Note: Grant payments may be made by a letter of credit, advance by Treasury check, or reimbursement by Treasury check.
Awards may be made by the headquarters office directly to the applicant, an agency field office, a regional office,
or by an authorized county office. The assistance may pass through the initial applicant for further distribution by
intermediate level applicants to groups or individuals in the private sector.
Deadlines and process...
FIRCA: March 25, July 25, and November 25. AIDS FIRCA: January 2, May 1, and September 1.
When available, this section indicates the deadlines for applications to the funding agency which will
be stated in terms of the date(s) or between what dates the application should be received.
When not available, applicants should contact the funding agency for deadline information.
Range of Approval/Disapproval Time
About 9 months for expedited review.
Not applicable. This program is excluded from coverage under E.O. 12372.
This section indicates whether any prior coordination or approval is required with governmental or nongovernmental units
prior to the submission of a formal application to the federal funding agency.
A Principal Investigator (P.I.) may question the substantive or procedural aspects of the review of his/her application by communicating with the staff of the Center. A description of the NIH Peer Review Appeal procedures is available on the NIH home page http://grants.nih.gov/grants/notice-files/not97-232.html.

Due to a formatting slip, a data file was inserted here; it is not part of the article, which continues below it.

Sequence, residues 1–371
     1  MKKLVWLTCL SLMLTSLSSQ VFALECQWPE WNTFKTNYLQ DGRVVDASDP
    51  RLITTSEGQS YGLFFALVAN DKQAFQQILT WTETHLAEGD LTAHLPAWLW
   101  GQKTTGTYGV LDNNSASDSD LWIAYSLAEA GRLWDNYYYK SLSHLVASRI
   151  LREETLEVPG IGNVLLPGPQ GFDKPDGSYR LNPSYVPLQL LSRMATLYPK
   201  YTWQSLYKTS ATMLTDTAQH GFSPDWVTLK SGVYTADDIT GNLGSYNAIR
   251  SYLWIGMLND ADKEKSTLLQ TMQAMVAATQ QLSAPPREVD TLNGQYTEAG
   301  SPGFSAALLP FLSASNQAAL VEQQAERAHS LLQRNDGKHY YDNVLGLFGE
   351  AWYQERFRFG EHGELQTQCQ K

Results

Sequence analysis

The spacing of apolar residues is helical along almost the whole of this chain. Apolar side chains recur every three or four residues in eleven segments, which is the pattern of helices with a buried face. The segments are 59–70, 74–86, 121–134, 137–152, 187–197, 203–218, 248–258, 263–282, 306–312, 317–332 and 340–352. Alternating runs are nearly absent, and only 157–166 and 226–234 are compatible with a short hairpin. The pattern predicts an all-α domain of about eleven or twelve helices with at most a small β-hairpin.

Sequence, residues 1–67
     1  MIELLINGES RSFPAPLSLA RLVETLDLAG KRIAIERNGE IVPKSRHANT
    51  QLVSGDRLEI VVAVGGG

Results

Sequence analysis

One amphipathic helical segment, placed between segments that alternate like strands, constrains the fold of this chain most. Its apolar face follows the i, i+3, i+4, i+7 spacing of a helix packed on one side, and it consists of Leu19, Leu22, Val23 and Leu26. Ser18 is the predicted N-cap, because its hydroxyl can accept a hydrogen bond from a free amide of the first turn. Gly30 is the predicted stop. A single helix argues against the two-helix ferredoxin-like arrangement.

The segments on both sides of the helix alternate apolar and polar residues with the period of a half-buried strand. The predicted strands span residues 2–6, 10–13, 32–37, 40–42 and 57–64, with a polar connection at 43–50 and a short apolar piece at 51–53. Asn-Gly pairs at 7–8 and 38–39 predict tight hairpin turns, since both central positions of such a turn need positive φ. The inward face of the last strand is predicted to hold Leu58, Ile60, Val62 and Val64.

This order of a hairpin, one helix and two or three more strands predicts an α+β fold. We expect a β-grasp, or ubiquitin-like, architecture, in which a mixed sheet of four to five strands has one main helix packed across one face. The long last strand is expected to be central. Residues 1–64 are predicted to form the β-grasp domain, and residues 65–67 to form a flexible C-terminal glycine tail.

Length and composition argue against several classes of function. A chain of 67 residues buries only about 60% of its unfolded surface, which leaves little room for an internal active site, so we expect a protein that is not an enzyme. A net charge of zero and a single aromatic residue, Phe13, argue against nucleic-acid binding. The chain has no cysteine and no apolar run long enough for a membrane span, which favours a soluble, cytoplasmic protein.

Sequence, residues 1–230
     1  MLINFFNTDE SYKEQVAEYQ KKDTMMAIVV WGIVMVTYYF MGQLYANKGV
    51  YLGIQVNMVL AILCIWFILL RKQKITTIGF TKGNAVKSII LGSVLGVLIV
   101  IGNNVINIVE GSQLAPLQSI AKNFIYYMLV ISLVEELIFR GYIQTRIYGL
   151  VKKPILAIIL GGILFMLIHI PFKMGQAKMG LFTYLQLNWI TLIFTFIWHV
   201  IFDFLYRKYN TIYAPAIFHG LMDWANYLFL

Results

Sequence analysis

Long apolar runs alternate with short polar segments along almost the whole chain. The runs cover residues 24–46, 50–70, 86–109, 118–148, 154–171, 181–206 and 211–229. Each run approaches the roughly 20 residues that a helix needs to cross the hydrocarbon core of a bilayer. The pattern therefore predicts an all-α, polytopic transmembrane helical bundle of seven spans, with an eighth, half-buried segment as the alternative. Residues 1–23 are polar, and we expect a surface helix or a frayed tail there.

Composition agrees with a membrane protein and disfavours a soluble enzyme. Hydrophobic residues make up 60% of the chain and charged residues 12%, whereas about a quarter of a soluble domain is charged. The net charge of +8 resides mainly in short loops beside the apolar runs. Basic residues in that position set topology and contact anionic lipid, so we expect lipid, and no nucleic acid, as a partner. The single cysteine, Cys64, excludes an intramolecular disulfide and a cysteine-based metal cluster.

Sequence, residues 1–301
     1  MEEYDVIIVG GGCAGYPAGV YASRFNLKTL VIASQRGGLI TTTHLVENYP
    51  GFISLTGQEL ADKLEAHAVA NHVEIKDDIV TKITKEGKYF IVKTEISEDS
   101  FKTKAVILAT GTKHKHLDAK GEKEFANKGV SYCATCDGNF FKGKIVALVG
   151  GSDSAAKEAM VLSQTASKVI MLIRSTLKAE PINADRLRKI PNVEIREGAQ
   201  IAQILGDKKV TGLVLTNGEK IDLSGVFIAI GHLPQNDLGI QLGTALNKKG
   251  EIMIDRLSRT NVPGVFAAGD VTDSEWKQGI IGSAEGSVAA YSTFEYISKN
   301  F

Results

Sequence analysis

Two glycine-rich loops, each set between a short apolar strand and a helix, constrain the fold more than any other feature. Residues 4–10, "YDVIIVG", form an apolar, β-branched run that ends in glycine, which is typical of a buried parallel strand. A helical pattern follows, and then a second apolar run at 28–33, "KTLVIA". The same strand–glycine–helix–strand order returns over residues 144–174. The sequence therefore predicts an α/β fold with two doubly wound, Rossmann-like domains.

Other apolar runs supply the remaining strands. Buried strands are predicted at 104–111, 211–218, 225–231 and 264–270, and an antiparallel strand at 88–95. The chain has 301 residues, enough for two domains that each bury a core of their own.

In some cases, there are no provisions for appeal. Where applicable, this section discusses appeal procedures or allowable rework time for resubmission
of applications to be processed by the funding agency. Appeal procedures vary with individual programs and are either listed in this section or
applicants are referred to appeal procedures documented in the relevant Code of Federal Regulations (CFR).
Non-competing years may be awarded based on satisfactory progress. The application is due approximately 2 months before the end of each budget period. Applicants may compete again for one additional 3-year grant.
In some instances, renewal procedures may be the same as for the application procedure, e.g., for projects of a non-continuing nature renewals will be treated as new, competing applications; for projects of an ongoing nature, renewals may be given annually.
Who can benefit...
Scientists and researchers are the beneficiaries. The foreign collaborator must hold a position at a public or nonprofit private institution in a developing country. For HIV-related research, foreign collaborators may be located in almost any country of the world.
About this section:
This section lists the ultimate beneficiaries of a program, the criteria they must satisfy and who specifically is not eligible. The applicant and beneficiary will generally be the same for programs that provide assistance directly from a Federal agency. However, financial assistance that passes through State or local governments will have different applicants and beneficiaries since the assistance is transmitted to private sector beneficiaries who are not obligated to request or apply for the assistance.